What did native plants call the indigenous peoples who lived where we garden today? How did they incorporate these plants into their food, shelter, clothing, medicine, and ceremonies? What stories did they tell about these plants that were passed down from generation to generation?
To decolonize the gardener is also to increase our awareness of the role that our ancestors played in the colonization and uprooting of indigenous peoples and plants. My ancestors came to America from England in the 1600s and settled in western North Carolina, where they moved Cherokee families to grow tobacco and food crops on small farms. At least one of my ancestors married a Cherokee and benefited from a land treaty that was meant to help the native peoples retain their independence.
As the number of tobacco farms and plantations increased in North Carolina, much of the native flora, including wild strains of tobacco (called tso-la-a-ga-yv-li by the Cherokee), that supported the Cherokee way of life and the local ecosystem disappeared under the plow. By 1840, approximately 16,000 Cherokee men, women, and children had been forced to relocate to “Indian Territory” (present-day Oklahoma). Many of them lost their lives during the 2,000 mile trek.
Learning this part of my family’s history is disturbing, but I strongly disagree with critics who claim these accounts are meant to shame white people. Yes, acts of colonization, uprooting and removal of native peoples and plants are shameful. However, maintaining ignorance or even denial of these acts only serves to perpetuate a colonizing state of mind which, as they say, condemns us to repeat our colonizing history.
I grow a flowering tobacco (N. alata) in my garden to honor my tobacco growing ancestors, whose love for the land was passed down to me. Combining my respect for them with acknowledgment of their complicity in exploiting the tobacco plant and the Indigenous peoples who depended on it helps me better understand the complexities of being human.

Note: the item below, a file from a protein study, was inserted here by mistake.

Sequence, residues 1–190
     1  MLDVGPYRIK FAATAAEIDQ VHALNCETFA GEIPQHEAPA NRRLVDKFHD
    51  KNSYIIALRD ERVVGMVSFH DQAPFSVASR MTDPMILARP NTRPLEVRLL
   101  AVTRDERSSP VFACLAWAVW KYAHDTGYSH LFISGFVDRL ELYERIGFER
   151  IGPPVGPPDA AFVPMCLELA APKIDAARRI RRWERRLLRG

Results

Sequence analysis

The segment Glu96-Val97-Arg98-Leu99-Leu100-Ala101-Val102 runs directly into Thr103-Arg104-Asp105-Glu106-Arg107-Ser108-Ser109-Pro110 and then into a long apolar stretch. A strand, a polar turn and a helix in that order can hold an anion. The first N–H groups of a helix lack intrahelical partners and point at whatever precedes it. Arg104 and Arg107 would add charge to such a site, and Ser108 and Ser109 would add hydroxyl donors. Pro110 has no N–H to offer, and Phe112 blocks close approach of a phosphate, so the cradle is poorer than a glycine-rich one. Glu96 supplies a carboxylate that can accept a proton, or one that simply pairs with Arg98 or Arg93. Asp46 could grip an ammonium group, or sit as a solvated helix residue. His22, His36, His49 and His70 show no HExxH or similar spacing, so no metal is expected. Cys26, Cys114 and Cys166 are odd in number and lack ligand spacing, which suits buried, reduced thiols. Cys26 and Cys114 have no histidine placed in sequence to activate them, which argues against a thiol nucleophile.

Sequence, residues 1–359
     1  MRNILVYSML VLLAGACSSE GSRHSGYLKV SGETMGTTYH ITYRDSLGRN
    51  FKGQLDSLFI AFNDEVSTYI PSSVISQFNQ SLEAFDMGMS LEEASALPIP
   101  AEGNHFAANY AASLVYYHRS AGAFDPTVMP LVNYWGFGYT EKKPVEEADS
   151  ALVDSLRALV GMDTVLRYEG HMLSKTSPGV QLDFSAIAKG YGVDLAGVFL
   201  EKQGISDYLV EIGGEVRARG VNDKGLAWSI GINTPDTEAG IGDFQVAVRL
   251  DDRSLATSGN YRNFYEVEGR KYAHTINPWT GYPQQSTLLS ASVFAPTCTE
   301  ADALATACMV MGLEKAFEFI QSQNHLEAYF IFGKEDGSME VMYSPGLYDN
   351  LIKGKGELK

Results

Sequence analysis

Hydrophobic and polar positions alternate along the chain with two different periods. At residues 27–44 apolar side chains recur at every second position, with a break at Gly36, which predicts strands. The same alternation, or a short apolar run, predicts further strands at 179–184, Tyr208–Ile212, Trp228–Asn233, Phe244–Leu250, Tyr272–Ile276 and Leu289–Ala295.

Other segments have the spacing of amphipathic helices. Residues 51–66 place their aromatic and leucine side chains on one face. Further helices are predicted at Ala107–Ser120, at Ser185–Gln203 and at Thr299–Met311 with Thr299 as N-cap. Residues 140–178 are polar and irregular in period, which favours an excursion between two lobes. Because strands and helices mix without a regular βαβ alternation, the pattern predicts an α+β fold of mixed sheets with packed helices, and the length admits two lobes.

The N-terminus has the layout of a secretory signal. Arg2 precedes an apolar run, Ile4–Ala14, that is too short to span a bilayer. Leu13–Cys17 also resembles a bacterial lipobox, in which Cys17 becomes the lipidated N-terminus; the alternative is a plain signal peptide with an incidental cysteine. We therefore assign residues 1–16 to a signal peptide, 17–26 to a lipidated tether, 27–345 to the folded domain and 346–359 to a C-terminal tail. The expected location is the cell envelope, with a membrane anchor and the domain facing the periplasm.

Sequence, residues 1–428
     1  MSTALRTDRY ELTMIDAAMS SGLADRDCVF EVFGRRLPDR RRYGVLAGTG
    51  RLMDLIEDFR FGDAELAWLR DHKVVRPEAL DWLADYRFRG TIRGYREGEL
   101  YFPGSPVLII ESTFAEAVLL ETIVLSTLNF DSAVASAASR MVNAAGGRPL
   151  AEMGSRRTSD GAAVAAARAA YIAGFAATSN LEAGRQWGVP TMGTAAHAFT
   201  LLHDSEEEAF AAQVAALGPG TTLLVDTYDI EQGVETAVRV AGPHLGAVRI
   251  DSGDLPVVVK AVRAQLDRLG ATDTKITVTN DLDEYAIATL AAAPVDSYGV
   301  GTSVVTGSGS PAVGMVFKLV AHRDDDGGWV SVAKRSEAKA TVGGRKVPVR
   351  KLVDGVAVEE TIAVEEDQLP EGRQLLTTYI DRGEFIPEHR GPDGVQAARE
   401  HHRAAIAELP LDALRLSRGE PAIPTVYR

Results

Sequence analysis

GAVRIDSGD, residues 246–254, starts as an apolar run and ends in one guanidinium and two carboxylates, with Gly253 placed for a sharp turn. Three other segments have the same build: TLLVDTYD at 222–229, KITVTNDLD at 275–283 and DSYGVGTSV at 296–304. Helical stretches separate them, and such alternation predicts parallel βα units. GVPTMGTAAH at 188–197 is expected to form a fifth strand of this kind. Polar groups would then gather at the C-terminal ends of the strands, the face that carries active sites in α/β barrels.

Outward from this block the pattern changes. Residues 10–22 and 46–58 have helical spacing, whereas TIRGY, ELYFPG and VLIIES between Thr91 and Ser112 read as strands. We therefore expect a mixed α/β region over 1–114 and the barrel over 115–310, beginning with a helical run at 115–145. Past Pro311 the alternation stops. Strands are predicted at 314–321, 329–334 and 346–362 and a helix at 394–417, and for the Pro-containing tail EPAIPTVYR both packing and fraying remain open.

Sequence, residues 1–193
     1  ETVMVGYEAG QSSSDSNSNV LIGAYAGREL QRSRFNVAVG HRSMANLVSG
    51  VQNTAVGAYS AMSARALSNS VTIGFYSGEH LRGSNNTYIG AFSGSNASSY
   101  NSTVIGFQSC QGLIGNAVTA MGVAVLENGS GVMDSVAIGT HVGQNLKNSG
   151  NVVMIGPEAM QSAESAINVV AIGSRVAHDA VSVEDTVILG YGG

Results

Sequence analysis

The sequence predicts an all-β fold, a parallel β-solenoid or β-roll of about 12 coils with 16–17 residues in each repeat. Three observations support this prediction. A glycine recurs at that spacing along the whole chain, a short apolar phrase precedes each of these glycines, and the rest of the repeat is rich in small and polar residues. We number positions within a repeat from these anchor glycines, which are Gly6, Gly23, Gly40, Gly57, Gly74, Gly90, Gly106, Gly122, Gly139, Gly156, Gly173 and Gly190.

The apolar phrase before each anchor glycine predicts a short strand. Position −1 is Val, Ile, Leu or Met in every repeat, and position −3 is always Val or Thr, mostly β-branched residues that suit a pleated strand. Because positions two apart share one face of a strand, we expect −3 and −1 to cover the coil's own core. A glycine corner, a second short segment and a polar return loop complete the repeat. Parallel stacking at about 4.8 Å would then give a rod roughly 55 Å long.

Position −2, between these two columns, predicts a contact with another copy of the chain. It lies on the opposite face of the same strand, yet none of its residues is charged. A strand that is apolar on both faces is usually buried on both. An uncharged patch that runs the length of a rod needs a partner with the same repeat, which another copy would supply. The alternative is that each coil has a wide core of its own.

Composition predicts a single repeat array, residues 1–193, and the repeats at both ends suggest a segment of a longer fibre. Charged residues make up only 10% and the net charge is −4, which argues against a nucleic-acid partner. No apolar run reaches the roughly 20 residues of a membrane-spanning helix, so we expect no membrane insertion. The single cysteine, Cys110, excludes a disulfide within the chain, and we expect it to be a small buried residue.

Perhaps gardeners are better placed than many to accept the contradictions of human nature; after all, growing plants requires us to work alongside nature’s contradictions. For me, decolonizing a garden(er) means thinking of my garden as a place to rethink my (ancestral) relationship with plants and become a more environmentally and socially just human being.
There is certainly no shame in striving for it.
Rhonda Nowak is a Rogue Valley gardener, teacher, and writer. See Literarygardener.com or email him at [email protected]
OSU Extension Names 10 Super-Pollinating Native Plants
A three-year study by the Oregon State University Extension Service found 10 native plants that support an abundance of diverse native bees. All plants grow well in full sun and require little supplemental irrigation during the summer.
The 10 plants are: 1. the small-leaved phacelia (Phacelia heterophylla); 2. globe gilia (Gilia capitata); 3. Douglas Aster (Symphyotrichum subspicatum); 4. California poppy (Eschscholzia californica); 5. farewell to spring (Clarkia amoena); 6. pink checkermallow (Sidalcea asprella ssp. virgata); 7. showy tarweed (Madia elegans); 8. Canada goldenrod (Solidago canadensis); 9. Oregon Sunshine (Eriophyllum lanatum); and 10. yarrow (Achillea millefolium).
For more information on growing these native super-pollinator plants, see the OSU Extension website, extension.oregonstate.edu/.